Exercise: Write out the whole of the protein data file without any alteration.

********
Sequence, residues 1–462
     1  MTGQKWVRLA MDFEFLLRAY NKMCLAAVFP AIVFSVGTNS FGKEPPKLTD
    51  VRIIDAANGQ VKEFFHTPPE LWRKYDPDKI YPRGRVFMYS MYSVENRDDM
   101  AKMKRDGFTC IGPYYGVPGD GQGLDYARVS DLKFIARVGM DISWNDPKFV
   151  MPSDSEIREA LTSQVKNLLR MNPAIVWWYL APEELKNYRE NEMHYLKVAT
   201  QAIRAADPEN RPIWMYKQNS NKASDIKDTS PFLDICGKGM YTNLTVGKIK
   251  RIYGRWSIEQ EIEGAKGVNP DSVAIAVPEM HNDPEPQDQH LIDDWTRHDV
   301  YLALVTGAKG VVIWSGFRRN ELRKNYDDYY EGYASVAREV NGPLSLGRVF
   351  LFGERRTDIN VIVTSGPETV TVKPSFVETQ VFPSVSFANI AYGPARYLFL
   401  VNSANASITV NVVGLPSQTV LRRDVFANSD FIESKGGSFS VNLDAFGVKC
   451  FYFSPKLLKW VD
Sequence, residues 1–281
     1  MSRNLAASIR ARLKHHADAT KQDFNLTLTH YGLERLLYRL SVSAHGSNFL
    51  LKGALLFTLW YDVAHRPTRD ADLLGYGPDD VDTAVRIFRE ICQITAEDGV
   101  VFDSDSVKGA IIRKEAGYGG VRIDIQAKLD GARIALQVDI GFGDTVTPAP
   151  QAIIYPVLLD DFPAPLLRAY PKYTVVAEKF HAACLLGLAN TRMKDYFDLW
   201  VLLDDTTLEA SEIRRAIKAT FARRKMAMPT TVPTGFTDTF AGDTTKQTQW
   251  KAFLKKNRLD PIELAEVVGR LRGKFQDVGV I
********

Sequence, residues 1–462
     1  MTGQKWVRLA MDFEFLLRAY NKMCLAAVFP AIVFSVGTNS FGKEPPKLTD
    51  VRIIDAANGQ VKEFFHTPPE LWRKYDPDKI YPRGRVFMYS MYSVENRDDM
   101  AKMKRDGFTC IGPYYGVPGD GQGLDYARVS DLKFIARVGM DISWNDPKFV
   151  MPSDSEIREA LTSQVKNLLR MNPAIVWWYL APEELKNYRE NEMHYLKVAT
   201  QAIRAADPEN RPIWMYKQNS NKASDIKDTS PFLDICGKGM YTNLTVGKIK
   251  RIYGRWSIEQ EIEGAKGVNP DSVAIAVPEM HNDPEPQDQH LIDDWTRHDV
   301  YLALVTGAKG VVIWSGFRRN ELRKNYDDYY EGYASVAREV NGPLSLGRVF
   351  LFGERRTDIN VIVTSGPETV TVKPSFVETQ VFPSVSFANI AYGPARYLFL
   401  VNSANASITV NVVGLPSQTV LRRDVFANSD FIESKGGSFS VNLDAFGVKC
   451  FYFSPKLLKW VD
Sequence, residues 1–281
     1  MSRNLAASIR ARLKHHADAT KQDFNLTLTH YGLERLLYRL SVSAHGSNFL
    51  LKGALLFTLW YDVAHRPTRD ADLLGYGPDD VDTAVRIFRE ICQITAEDGV
   101  VFDSDSVKGA IIRKEAGYGG VRIDIQAKLD GARIALQVDI GFGDTVTPAP
   151  QAIIYPVLLD DFPAPLLRAY PKYTVVAEKF HAACLLGLAN TRMKDYFDLW
   201  VLLDDTTLEA SEIRRAIKAT FARRKMAMPT TVPTGFTDTF AGDTTKQTQW
   251  KAFLKKNRLD PIELAEVVGR LRGKFQDVGV I